From The Comeback: LeBron, the Cavs & Cleveland, by Terry Pluto
This excerpt describes the tense time while Cavs owner Dan Gilbert waits to learn whether LeBron will choose to return to Cleveland or go elsewhere.
Dan Gilbert was worried.
The man who started a mortgage company called Quicken Loans hates to wait. And he hates to feel that everything is not in control.
But it can be argued that Gilbert had been waiting for four years for a chance to bring LeBron James back to Cleveland, four years to “make this right,” as the owner of the Cleveland Cavaliers characterized his relationship with LeBron between 2010 and 2014.
It was the morning of Thursday, July 10, 2014. This was four days after Gilbert had talked with LeBron in what I called the “Kitchen Table Meeting.” That’s because it took place at the kitchen table of a home in the Miami area. It was the first time Gilbert and LeBron had spoken since The Decision.
“I really thought it went well,” said Gilbert.
The meeting was on a Sunday, July 6.
Monday came, no decision.
Tuesday came, no decision.
The days, the hours, even the minutes seemed to crawl by for Gilbert and the Cavs.
They kept wondering, “What does LeBron have to think about? It’s Cleveland or Miami, he knows both situations very well.”
But anyone who knows LeBron knows something else. LeBron is careful. LeBron does his homework. LeBron takes time to consider every angle. LeBron wanted to make sure that wherever he played in 2014–15, he had a chance to win a title.
Now, it was four years later. Now, LeBron had been to the NBA Finals four years in a row with Miami, winning two titles. Now, he was 29 bearing down on 30 years old . . . not the 25-year old who had left the Cavs in 2010.
LeBron was still in his prime, still the best player in the game in 2014. But he also knew that he had already played 11 years in the NBA, and more of his career was over than was to come. He wanted more titles. He needed more reasons to return to the Cavs other than that he loved Northeast Ohio.
* * *
The Cavs kept in touch with LeBron’s agent, Rich Paul. They boldly made trades to clear even more salary cap room. Paul was friendly, “but he made no promises,” said Gilbert. As time passed, the Cavs felt very good about their chances with James on some days — and very worried at other times.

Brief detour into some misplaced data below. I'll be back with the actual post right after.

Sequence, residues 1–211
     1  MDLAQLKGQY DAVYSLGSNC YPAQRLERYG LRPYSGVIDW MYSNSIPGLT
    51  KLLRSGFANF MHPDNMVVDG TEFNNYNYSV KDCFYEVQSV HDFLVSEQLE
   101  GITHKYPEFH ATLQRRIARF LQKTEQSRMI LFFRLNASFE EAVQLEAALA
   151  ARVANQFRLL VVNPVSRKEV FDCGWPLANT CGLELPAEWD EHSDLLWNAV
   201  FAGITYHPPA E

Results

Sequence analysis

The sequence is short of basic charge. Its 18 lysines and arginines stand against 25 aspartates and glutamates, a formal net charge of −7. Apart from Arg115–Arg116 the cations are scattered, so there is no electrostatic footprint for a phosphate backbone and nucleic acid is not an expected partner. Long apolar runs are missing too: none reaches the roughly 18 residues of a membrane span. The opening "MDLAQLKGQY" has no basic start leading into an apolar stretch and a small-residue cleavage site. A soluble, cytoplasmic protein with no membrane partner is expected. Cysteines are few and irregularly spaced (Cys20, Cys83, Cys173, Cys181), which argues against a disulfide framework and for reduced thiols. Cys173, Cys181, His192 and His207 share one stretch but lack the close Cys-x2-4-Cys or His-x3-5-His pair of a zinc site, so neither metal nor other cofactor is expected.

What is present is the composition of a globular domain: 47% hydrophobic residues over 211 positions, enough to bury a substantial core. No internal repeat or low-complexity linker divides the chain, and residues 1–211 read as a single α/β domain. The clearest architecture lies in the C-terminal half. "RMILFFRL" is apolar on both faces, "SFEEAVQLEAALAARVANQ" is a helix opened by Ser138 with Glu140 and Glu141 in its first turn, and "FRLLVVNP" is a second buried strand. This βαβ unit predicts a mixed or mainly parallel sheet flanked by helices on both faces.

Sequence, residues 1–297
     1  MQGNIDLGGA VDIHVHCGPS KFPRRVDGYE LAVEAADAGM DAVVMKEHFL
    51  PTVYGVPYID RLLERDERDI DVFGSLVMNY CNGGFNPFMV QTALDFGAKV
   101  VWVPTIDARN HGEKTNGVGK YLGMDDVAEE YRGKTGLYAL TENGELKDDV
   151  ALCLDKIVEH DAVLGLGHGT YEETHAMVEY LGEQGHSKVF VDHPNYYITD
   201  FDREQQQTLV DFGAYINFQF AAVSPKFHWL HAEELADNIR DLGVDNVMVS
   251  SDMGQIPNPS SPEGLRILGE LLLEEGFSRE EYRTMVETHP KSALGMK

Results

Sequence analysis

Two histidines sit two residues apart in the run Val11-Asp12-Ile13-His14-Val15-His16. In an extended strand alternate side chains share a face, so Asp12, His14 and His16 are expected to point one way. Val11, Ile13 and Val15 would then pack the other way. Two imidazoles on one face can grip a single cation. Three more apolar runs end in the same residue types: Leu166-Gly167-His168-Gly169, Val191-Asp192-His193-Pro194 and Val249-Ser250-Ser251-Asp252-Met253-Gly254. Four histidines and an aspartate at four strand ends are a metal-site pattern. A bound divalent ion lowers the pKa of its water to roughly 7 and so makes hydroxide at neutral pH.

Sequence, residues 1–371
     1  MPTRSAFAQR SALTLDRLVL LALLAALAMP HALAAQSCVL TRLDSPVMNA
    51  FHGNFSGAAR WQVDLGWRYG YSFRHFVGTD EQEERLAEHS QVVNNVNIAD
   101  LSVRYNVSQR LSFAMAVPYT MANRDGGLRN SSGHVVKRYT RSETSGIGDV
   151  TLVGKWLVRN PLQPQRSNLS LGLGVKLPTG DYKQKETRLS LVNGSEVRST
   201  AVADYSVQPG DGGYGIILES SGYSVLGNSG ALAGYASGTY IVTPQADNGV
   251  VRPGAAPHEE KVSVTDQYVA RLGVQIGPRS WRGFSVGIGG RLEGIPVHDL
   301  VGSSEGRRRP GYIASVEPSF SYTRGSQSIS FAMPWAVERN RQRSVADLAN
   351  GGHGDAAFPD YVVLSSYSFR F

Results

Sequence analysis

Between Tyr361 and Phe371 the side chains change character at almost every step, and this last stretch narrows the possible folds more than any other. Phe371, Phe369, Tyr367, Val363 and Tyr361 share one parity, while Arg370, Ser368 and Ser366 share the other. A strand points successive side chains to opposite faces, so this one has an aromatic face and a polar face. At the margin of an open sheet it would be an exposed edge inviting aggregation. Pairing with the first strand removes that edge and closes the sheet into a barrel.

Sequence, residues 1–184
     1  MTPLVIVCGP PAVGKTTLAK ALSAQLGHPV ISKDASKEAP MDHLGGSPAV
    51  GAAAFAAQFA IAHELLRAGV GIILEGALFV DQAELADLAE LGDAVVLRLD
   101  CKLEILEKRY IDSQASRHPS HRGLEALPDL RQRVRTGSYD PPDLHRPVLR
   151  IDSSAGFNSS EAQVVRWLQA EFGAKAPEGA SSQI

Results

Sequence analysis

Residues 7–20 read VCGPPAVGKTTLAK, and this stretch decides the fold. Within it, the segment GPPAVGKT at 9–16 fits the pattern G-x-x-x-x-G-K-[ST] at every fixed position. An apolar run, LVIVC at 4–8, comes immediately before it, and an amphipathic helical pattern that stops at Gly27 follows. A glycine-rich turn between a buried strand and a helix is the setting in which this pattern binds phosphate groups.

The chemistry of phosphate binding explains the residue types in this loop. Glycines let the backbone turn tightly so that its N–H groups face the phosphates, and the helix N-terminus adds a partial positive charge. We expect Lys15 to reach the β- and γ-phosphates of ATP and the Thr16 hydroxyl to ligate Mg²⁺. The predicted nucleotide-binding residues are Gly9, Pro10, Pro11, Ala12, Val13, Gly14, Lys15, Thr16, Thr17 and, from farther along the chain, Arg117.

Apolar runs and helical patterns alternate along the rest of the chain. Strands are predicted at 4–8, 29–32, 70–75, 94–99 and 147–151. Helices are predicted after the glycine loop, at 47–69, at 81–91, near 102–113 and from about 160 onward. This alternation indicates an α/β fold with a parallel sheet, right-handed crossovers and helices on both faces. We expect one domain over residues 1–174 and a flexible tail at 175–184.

After hearing nothing on Monday . . . Tuesday . . .
There was news on Wednesday. LeBron and Paul met with Miami Heat President Pat Riley.
The Cavs became nervous. Very, very nervous. LeBron respected Riley. It was Riley who recruited LeBron to join Dwyane Wade and Chris Bosh with the Heat in 2010.
LeBron left the Wednesday meeting and made no promises to the Cavs or Heat.
Then came Thursday.
LeBron runs a skills camp for young players. He was in Las Vegas for that. Wade showed up. They talked. Then LeBron left with Wade, and they took a flight to Miami.
Why was he going back to Miami with Wade?
LeBron had left Las Vegas with Wade. But Rich Paul was staying in Las Vegas. The Cavs were in Las Vegas because they had a team in the Las Vegas Summer League.
That Thursday evening, they had a meeting with Paul. LeBron was not there. He was with Wade.
“Rich spent about two hours in our suite,” said Gilbert. “I was almost interrogating him, wanting at least a hint about what they would do. He wouldn’t show us any of their cards. He kept saying they were ‘in the decision bunker.’ So I tried to at least find out when they’d make the decision — and he would not say when, either.”
Gilbert thought it could “go on a few more days.”
But on Friday, July 11 — about 12 hours after his meeting with Paul — Gilbert’s phone rang.
“LeBron’s coming home,” Paul told the Cavs owner.
Gilbert asked about how to announce it. Paul said, “It will be on the Internet in about 30 seconds.”
That’s when James revealed his decision in a Sports Illustrated letter written with Lee Jenkins.
Right then, everything changed for the Cavs.